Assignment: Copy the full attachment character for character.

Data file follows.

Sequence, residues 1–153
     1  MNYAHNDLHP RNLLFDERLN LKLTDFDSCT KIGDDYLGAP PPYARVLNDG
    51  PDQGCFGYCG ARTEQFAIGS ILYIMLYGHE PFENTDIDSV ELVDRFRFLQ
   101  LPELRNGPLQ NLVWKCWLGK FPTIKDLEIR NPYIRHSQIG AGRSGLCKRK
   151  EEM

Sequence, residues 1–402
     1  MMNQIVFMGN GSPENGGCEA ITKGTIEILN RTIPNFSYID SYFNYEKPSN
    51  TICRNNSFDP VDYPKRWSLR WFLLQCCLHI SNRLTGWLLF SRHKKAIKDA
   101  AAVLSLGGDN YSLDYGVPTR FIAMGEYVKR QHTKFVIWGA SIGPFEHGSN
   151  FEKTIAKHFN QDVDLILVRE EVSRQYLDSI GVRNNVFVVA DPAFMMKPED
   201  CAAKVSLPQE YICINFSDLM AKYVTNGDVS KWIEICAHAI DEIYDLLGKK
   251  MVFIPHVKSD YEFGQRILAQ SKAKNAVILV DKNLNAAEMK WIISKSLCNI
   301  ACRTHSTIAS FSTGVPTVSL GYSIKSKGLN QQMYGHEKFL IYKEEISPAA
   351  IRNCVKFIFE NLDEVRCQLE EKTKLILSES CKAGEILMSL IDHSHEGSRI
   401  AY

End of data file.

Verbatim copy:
Sequence, residues 1–153
     1  MNYAHNDLHP RNLLFDERLN LKLTDFDSCT KIGDDYLGAP PPYARVLNDG
    51  PDQGCFGYCG ARTEQFAIGS ILYIMLYGHE PFENTDIDSV ELVDRFRFLQ
   101  LPELRNGPLQ NLVWKCWLGK FPTIKDLEIR NPYIRHSQIG AGRSGLCKRK
   151  EEM

Sequence, residues 1–402
     1  MMNQIVFMGN GSPENGGCEA ITKGTIEILN RTIPNFSYID SYFNYEKPSN
    51  TICRNNSFDP VDYPKRWSLR WFLLQCCLHI SNRLTGWLLF SRHKKAIKDA
   101  AAVLSLGGDN YSLDYGVPTR FIAMGEYVKR QHTKFVIWGA SIGPFEHGSN
   151  FEKTIAKHFN QDVDLILVRE EVSRQYLDSI GVRNNVFVVA DPAFMMKPED
   201  CAAKVSLPQE YICINFSDLM AKYVTNGDVS KWIEICAHAI DEIYDLLGKK
   251  MVFIPHVKSD YEFGQRILAQ SKAKNAVILV DKNLNAAEMK WIISKSLCNI
   301  ACRTHSTIAS FSTGVPTVSL GYSIKSKGLN QQMYGHEKFL IYKEEISPAA
   351  IRNCVKFIFE NLDEVRCQLE EKTKLILSES CKAGEILMSL IDHSHEGSRI
   401  AY